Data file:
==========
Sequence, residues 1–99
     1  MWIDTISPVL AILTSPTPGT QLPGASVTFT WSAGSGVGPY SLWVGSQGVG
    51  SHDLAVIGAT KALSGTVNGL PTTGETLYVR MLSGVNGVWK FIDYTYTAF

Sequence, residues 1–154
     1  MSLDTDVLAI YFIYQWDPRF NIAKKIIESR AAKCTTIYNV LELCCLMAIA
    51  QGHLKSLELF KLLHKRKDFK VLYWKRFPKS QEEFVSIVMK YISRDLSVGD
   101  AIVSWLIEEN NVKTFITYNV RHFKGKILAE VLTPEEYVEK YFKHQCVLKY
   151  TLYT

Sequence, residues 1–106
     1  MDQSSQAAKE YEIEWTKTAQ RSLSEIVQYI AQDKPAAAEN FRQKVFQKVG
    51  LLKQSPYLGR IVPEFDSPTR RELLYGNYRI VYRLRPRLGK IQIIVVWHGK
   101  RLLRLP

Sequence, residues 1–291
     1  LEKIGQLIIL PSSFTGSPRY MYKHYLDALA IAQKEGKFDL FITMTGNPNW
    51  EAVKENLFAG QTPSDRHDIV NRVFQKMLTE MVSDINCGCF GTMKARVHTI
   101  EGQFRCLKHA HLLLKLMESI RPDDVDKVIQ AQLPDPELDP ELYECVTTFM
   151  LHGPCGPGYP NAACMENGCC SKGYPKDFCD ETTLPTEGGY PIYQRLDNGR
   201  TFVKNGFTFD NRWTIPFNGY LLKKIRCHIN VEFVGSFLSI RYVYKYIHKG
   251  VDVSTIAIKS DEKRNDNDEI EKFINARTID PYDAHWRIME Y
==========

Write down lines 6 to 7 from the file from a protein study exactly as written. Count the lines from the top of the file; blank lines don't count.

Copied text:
    51  QGHLKSLELF KLLHKRKDFK VLYWKRFPKS QEEFVSIVMK YISRDLSVGD
   101  AIVSWLIEEN NVKTFITYNV RHFKGKILAE VLTPEEYVEK YFKHQCVLKY